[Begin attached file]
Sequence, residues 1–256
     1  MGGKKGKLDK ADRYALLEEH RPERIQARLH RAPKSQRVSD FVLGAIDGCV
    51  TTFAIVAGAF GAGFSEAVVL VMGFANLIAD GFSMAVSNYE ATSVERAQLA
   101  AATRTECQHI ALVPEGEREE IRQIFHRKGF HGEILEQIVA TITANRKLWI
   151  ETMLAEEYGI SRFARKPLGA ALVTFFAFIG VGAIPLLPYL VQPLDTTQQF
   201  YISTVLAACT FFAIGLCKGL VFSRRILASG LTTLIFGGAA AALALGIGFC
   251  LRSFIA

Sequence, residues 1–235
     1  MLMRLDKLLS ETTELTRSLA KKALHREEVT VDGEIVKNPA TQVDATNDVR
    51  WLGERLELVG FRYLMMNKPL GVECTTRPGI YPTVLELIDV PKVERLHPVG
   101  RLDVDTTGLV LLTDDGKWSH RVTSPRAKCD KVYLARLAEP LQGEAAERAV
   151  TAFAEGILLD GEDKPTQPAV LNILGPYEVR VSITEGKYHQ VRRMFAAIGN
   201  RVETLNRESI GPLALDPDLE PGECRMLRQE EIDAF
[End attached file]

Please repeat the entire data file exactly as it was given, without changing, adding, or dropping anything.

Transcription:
Sequence, residues 1–256
     1  MGGKKGKLDK ADRYALLEEH RPERIQARLH RAPKSQRVSD FVLGAIDGCV
    51  TTFAIVAGAF GAGFSEAVVL VMGFANLIAD GFSMAVSNYE ATSVERAQLA
   101  AATRTECQHI ALVPEGEREE IRQIFHRKGF HGEILEQIVA TITANRKLWI
   151  ETMLAEEYGI SRFARKPLGA ALVTFFAFIG VGAIPLLPYL VQPLDTTQQF
   201  YISTVLAACT FFAIGLCKGL VFSRRILASG LTTLIFGGAA AALALGIGFC
   251  LRSFIA

Sequence, residues 1–235
     1  MLMRLDKLLS ETTELTRSLA KKALHREEVT VDGEIVKNPA TQVDATNDVR
    51  WLGERLELVG FRYLMMNKPL GVECTTRPGI YPTVLELIDV PKVERLHPVG
   101  RLDVDTTGLV LLTDDGKWSH RVTSPRAKCD KVYLARLAEP LQGEAAERAV
   151  TAFAEGILLD GEDKPTQPAV LNILGPYEVR VSITEGKYHQ VRRMFAAIGN
   201  RVETLNRESI GPLALDPDLE PGECRMLRQE EIDAF